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the kneelsit GLOSSARY Pg.1

medical and general terms relating to posture, sitting, musculoskeletal and back problems

ABBREVIATIONS:- Gr.= Greek; L.= Latin; Fr.= French; Ger = German; NA = Nomina Anatomica

Note. The principal source for the glossary has been extracts from the excellent Taberers Medical Dictionary, supplemented occasionally by Websters and in a few areas (clearly marked) my own research and observations.

Our thanks to Glossarist.com for including our glossary in their Medical Dictionary page. If you are looking for definitions of technical, professional, specialist terms in any subject this is the place to go.


arthritis (Ar-thri'tis) [" + itis, inflammation]. (pl. arthritides) Inflammation of a joint, usually accompanied by pain, swelling, and, frequently, changes in structure.
ETIOL: Arthritis may result from or be associated with a number of conditions including: infection (gonococcal, tuberculous, pneumococcal); rheumatic fever; ulcerative colitis; trauma; neurogenic disturbances such as tabes dorsalis; degenerative joint disease such as osteoarthritis; metabolic disturbances such as gout; neoplasms such as synovioma; hydrarthrosis; para- or periarticular conditions such as fibromyositis, myositis, or bursitis; various other conditions such as acromegaly, psoriasis, Raynaud's disease.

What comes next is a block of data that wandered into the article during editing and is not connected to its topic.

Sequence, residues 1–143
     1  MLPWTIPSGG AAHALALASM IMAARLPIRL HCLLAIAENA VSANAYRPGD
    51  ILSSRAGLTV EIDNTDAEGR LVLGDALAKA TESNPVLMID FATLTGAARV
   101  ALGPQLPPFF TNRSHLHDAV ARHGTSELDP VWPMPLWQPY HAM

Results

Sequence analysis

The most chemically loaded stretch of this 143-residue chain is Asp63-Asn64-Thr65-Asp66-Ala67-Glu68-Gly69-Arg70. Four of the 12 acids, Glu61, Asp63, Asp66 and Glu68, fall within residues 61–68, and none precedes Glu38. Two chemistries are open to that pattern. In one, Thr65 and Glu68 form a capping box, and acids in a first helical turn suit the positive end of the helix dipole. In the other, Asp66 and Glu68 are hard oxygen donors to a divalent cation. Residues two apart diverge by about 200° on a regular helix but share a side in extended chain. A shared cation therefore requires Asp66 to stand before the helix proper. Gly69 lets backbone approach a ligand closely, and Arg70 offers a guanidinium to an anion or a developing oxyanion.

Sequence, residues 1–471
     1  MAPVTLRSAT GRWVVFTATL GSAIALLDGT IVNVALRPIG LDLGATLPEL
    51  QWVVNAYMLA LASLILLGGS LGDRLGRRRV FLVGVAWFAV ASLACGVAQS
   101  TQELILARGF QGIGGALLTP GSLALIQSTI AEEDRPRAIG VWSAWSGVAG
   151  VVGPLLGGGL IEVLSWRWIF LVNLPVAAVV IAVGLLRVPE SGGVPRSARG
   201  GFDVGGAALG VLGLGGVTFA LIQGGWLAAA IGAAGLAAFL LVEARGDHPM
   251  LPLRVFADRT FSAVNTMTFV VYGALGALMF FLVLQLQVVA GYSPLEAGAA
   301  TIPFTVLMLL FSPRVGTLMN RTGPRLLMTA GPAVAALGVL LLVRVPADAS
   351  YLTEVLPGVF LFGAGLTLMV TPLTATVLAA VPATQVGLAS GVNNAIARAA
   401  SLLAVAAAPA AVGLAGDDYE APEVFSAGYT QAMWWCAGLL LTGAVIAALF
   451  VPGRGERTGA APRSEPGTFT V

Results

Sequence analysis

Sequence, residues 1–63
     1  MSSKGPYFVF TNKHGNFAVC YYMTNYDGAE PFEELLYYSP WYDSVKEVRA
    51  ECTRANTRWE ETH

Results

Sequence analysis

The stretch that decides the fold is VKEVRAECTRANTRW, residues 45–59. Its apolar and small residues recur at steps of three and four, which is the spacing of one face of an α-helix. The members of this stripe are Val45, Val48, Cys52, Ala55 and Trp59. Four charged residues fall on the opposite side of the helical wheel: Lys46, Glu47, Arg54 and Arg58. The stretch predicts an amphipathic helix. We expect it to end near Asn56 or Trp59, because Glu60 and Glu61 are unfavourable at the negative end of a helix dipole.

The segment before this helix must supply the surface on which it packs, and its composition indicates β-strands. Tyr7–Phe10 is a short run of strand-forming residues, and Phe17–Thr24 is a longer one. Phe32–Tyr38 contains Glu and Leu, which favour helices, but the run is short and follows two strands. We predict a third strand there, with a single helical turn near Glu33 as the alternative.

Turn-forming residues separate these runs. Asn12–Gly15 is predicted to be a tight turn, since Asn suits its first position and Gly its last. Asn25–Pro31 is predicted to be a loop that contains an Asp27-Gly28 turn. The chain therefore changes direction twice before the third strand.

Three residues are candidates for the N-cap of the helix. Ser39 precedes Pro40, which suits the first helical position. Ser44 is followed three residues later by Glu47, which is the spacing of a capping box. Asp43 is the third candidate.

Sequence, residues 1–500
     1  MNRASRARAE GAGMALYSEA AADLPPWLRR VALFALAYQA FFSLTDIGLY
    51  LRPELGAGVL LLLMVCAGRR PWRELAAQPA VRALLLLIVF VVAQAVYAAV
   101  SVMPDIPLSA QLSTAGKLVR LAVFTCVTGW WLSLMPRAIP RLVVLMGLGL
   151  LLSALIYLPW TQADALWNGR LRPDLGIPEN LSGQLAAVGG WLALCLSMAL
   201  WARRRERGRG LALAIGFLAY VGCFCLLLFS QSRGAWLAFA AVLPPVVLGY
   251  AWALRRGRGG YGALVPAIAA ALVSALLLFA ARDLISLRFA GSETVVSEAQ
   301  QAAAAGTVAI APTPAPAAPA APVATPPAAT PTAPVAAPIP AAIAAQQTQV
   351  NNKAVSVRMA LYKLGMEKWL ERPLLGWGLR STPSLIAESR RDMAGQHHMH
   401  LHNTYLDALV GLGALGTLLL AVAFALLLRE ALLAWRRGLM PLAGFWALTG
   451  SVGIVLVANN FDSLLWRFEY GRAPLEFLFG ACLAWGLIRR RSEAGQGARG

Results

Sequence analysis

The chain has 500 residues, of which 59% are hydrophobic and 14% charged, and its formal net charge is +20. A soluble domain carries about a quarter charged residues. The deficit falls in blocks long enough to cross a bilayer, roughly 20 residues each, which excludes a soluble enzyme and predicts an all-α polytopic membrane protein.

a., osteo-. A chronic disease involving the joints, esp. those bearing weight. Characterized by degeneration of articular cartilage, overgrowth of bone with lipping and spur formation, and impaired function. SYN: a., degenerative; a., hypertrophic; degenerative joint disease.
a., palindromic. Transient recurrent arthritis, of unknown etiology, of large joints.
a., psoriatic. A form of arthritis that may develop after psoriasis has developed. The exacerbations and remissions of arthritic symptoms parallel those of psoriasis.
a., rheumatoid. A chronic systemic disease characterized by inflammatory changes in joints and related structures that result in crippling deformities.
ETIOL: The specific cause is unknown, but it is generally believed that the pathological changes in the joints are related to an antigen-antibody reaction that is poorly understood. Environmental and familial factors are of doubtful importance. Onset may vary, but usually occurs in middle age.